File Systems

What is File Systems and Kind of file systems

The file systems is standard for organizing data in secondary storage such as hard drives and flash drives. Storage format using this file system to create an environment that is compatible with Secondary Storage for the first time. Depending on the OS and storage drive you use, you may see several File Systems.

  1. FAT
  2. NTFS
  3. exFAT
  4. ext
  5. HFS

Now we will see them about one by one.

FAT – File Allocation Table

FAT File System uses as the main file system for Windows OS from MS-DOS to Windows XP. There are three versions: FAT12, FAT16 and FAT32. Today, the FAT32 File System widely uses for external storage drives, compatible with a wide range of OSes. The FAT32 file system only supports a maximum of 4GB file size and a maximum volume of 16TB.

FAT – Table Layout

NTFS – New Technology File System

NTFS, nowadays the most popular Windows File System, was released by Microsoft in 1993 to overcome the drawbacks of the FAT file system used by Microsoft. This file system supports a file size of 16TB and a volume capacity of 16EB (1EB = 1 000 000TB). NTFS also received File Encryption and File Permission and a Journaling System that prevents file damage in the event of a crash or power failure. After Win 7 requires a formatted drive from the NTFS File System using all Windows OSs. However, this file system is not compatible with older Windows OS and is read-only on older Linux and Mac OSes.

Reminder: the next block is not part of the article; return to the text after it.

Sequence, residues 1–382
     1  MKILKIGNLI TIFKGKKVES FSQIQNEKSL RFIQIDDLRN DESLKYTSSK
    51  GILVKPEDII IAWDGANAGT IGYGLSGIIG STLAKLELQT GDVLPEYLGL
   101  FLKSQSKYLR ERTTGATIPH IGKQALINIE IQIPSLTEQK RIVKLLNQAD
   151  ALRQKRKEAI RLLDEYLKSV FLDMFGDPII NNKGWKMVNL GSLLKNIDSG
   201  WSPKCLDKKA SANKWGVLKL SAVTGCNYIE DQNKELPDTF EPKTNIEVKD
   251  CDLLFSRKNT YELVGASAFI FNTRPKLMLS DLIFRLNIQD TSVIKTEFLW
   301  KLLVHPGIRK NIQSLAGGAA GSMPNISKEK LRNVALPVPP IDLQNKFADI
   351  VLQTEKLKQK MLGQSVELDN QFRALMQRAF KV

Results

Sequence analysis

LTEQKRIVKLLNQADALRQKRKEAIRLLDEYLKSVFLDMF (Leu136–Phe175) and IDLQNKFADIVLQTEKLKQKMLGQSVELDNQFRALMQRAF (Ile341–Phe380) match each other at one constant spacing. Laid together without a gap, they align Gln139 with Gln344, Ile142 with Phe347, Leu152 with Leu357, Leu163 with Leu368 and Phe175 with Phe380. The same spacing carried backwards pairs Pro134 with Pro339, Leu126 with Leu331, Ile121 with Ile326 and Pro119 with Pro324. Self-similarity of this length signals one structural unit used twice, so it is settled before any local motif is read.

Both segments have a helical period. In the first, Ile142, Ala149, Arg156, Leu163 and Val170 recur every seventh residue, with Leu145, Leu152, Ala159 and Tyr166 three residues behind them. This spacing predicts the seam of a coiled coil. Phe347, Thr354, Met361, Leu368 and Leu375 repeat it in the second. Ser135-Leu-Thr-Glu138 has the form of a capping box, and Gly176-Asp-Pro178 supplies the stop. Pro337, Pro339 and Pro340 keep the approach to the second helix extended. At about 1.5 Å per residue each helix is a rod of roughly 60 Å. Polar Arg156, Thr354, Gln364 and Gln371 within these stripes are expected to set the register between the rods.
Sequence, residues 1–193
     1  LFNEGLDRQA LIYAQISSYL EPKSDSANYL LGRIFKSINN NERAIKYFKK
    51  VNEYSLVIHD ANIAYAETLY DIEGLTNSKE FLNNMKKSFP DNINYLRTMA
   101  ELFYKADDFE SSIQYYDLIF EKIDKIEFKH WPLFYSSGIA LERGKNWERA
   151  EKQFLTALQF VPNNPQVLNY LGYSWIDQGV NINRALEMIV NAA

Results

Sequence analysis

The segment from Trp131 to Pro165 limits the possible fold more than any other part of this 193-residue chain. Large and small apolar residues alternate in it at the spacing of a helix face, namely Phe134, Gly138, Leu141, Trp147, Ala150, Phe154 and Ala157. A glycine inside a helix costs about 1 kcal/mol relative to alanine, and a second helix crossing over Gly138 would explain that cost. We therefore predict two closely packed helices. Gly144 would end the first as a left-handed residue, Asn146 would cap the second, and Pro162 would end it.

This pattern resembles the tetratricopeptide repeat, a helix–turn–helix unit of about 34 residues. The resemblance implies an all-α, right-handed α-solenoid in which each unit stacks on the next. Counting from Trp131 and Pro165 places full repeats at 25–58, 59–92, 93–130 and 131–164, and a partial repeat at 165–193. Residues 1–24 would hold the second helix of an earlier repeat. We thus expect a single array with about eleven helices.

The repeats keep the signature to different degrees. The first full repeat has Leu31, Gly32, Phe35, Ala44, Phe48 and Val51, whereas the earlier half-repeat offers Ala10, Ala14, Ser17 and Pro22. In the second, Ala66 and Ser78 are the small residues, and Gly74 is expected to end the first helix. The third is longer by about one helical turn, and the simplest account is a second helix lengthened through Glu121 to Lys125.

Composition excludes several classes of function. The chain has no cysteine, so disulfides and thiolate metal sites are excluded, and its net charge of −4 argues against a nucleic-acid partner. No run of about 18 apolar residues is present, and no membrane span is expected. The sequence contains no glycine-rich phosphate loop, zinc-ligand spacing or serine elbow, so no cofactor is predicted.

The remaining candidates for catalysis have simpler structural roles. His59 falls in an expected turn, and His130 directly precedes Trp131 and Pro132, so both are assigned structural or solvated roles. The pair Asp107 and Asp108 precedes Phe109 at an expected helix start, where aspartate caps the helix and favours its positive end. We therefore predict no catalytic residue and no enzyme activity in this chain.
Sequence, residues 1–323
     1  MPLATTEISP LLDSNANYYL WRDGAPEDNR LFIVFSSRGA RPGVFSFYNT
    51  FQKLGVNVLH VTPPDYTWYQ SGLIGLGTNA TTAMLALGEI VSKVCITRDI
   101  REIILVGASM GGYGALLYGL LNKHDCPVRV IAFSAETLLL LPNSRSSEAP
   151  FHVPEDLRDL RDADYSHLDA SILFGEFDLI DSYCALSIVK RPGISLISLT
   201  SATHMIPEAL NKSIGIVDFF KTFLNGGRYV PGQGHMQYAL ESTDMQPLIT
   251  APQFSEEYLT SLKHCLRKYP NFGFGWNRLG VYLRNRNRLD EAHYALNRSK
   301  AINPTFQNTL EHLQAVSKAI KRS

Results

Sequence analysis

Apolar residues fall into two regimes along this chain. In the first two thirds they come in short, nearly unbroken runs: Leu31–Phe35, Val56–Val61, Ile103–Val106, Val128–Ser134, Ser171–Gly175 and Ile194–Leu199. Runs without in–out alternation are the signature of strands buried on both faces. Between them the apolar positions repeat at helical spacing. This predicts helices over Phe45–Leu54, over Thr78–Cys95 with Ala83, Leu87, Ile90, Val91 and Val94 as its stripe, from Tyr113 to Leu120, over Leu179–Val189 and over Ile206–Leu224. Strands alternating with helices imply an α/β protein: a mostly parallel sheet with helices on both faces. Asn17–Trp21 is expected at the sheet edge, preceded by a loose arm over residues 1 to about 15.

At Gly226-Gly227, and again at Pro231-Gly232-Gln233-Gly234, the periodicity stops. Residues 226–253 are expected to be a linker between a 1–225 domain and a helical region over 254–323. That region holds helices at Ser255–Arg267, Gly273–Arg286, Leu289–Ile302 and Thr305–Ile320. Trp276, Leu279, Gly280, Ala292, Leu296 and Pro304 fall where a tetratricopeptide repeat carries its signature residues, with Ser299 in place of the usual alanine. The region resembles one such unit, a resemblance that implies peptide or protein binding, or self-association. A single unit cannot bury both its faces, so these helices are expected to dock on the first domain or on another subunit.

NTFS- Table Layout

exFAT – Extended File Allocation Table

In 2006, Microsoft introduced exFAT as an optimized file system for high-capacity external drives. High-resolution video recording widely uses for SD cards and SSDs, as it supports a maximum file size of 16EB. Ready-Write Compatible for MacOS, Android and Linux Destros in addition to WIndows OS.

ext – Extended File System

In 1992 the ext file system for Linux OS released. The default file system of ext2 Linux distros, released in 1993, was used. In 2001 ext3 introduced a journaling system for Linux, and the ext4 file system released in 2008 is now the default Linux FS. ext4 supports a maximum file size of 16TB and a volume of 1EB. Importantly, no ext format is compatible with Windows or macOS.

 HFS /HFS + – Hierachical File System & APFS -Apple File System

Apple introduced the HFS File System for macOS in 1985. It supports a file size of 2GB and a volume of 2TB. HFS + launched in 1998 with the addition of the journaling system. The APFS File System, released in 2017, has been able to optimize for new SSD technology. None of the file systems HFS, HFS +, or APFS supports Natively for Windows or Linux OS.

File System of the local area

  • To System Drive: NTFS for Windows, ext4 for Linux, APFS for MacOS.
  • USB pen drives, SD cards, FAT32 but 4GB + file transfer if NTFS / exFAT. And when connecting to media players, DVD players, TVs, FAT32 is most compatible.
  • External Hard Disk or SSD: NTFS if only used between WIndows. Cross-Platoform is exFAT or FAT32 himself.

References

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